April 2, 2012 in Features

Annie’s Mailbox: MIL ‘borrows’ her good clothes

Kathy Mitchell
 

Dear Annie: My husband and I love to entertain our friends, and we also are often invited to various events. I have a wonderful aunt who owns an upscale shop in another state. Twice a year, she allows me to choose anything I want at fabulous discounts. She also sends lovely things for my birthday and Christmas.

The problem is that my mother-in-law keeps borrowing my clothes. A year ago, she attended a barbecue at our home and spilled something on her blouse. We are roughly the same size, so I told her to look in my closet for something to change into. Since then, she has been making regular visits to borrow clothes and accessories. She returns some items promptly, but not all. Last summer, she took two of my brand-new outfits and kept them until fall, and I didn’t get to wear either one.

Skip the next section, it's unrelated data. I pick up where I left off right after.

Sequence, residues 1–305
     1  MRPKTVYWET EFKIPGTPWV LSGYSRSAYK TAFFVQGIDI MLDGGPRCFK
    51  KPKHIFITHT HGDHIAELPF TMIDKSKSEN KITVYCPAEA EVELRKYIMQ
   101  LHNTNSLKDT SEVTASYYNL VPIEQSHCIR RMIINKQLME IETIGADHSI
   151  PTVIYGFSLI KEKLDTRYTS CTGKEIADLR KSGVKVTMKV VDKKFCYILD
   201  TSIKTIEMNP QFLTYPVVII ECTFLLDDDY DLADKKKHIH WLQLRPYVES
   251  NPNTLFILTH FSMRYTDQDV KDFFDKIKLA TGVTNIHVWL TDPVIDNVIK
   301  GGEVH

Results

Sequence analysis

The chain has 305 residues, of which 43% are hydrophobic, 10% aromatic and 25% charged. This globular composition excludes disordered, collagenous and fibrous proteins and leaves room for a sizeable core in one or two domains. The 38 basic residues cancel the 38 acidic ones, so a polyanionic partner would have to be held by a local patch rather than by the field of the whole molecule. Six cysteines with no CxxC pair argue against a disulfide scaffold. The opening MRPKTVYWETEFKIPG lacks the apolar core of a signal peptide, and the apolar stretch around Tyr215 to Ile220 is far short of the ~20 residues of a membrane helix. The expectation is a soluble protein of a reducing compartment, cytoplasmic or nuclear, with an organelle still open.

My mother-in-law is a lovely woman, and I don’t want to cause hurt feelings, but I’m ready to end this practice. She has an ample income and can afford to buy her own things. How can I get her to stop taking mine? – Secondhand Rose

Dear Rose: We think Mom likes your taste in clothes, knows that you have quality apparel and might be trying, in her misguided way, to bond with you. It’s OK to tell her, “I’d rather you didn’t borrow that one. I’m planning to wear it this weekend.” And it’s fine to ask her to return something because you need it for an upcoming event. But also offer to take her shopping so she can “find her own style” and won’t feel she must borrow your clothes in order to look chic.

Dear Readers: We are carrying on Ann Landers’ tradition that April 2 be set aside as Reconciliation Day, a time to make the first move toward mending broken relationships. It also would be the day on which we agree to accept the olive branch extended by a former friend or estranged family member and do our best to start over.


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